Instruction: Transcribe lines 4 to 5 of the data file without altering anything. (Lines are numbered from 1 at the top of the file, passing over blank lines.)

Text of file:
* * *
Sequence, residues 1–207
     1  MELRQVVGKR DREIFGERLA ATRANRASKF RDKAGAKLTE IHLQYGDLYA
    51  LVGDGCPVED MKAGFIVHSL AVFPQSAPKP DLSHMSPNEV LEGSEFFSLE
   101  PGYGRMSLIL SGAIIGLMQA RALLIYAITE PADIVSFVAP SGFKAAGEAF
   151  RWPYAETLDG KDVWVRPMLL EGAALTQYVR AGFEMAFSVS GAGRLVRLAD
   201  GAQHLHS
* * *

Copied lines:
   101  PGYGRMSLIL SGAIIGLMQA RALLIYAITE PADIVSFVAP SGFKAAGEAF
   151  RWPYAETLDG KDVWVRPMLL EGAALTQYVR AGFEMAFSVS GAGRLVRLAD